OCCRP and Partners Win TRACE Prize for Azerbaijan Investigation
TRACE International, a global anti-bribery organization, awarded the OCCRP a prize for investigative journalism on Wednesday for reporting that exposed a billion dollar corruption scandal involving Azerbaijan’s ruling family and Nordic telecommunications giant TeliaSonera.
OCCRP reporter Miranda Patrucic accepted the award at a dinner in Cambridge, United Kingdom, on Wednesday for the story, which was done in conjunction with the Swedish Television program Uppdrag Granskning ("Mission Investigate") and Swedish news agency TT. Swiss Radio and Television and the Turkish daily Hurriyet contributed to the reporting.
The report revealed how a subsidiary of Swedish-Finnish telco TeliaSonera helped a company close to the family of Azerbaijani President Ilham Aliyev take over lucrative state-owned shares of Azercell Telecom, the country’s largest mobile provider.
Azerbaijani taxpayers lost more than US$ 600 million in the scheme, which saw TeliaSonera dilute its majority stake in Azercell Telecom and turn down dividends in return for regulatory approval to operate in the country.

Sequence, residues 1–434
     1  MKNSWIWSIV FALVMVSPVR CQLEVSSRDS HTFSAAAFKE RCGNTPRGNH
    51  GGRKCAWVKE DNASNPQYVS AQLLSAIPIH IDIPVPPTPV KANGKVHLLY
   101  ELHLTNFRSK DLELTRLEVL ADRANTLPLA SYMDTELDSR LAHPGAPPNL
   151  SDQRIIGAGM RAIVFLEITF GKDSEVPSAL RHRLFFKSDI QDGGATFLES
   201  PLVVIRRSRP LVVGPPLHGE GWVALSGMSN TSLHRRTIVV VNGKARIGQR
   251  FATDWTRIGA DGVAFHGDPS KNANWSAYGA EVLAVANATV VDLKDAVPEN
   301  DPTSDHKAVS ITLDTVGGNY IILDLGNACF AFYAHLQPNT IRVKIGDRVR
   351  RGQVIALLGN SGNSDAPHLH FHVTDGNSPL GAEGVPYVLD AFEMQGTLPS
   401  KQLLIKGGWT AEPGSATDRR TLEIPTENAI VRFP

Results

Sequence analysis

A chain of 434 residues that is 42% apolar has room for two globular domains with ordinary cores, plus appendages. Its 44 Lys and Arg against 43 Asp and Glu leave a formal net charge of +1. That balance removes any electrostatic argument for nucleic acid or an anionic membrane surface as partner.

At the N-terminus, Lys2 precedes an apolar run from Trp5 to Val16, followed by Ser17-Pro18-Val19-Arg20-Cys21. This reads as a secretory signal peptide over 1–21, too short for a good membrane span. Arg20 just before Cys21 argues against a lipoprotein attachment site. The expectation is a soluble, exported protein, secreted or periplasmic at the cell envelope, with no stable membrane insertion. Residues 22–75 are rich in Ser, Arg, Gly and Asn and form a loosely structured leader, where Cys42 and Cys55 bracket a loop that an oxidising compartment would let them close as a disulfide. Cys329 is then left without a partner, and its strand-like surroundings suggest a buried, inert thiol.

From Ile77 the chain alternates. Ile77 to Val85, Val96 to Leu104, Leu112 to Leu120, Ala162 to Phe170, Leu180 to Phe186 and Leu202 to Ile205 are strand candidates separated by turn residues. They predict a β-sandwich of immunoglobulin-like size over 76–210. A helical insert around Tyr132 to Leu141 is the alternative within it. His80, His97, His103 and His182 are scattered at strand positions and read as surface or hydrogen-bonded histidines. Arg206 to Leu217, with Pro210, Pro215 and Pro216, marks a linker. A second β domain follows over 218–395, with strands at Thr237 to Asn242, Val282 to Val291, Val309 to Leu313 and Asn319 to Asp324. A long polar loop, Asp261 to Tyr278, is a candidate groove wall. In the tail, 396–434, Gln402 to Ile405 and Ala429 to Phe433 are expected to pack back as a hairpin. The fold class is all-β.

TeliaSonera announced that it was pulling out of the Eurasian market in September 2015, four months after the OCCRP published its story.
TRACE Prize judge Diana Henriques said the report was "bravely and persistently reported in the face of daunting dangers."
The report was part of the Khadija Project, an initiative by media including the OCCRP to cover corruption stories in Azerbaijan, the home country of formerly imprisoned investigative journalist Khadija Ismayilova.
"This is an important story not just for the Khadija Project, but also to show just how multinational companies are fixing bribery in the world," OCCRP journalist Patrucic said.
The OCCRP was one of two winners of the inaugural TRACE award. The other prize went to the Wall Street Journal for reporting on Malaysia’s 1MDB fund scandal.
"We are happy to be recognized for our work on the Aliyev family's bribe taking," OCCRP Editor Drew Sullivan said. "Bribery is ruining a lot of countries and making a lot of bad people rich, so we thank TRACE for recognizing this crime."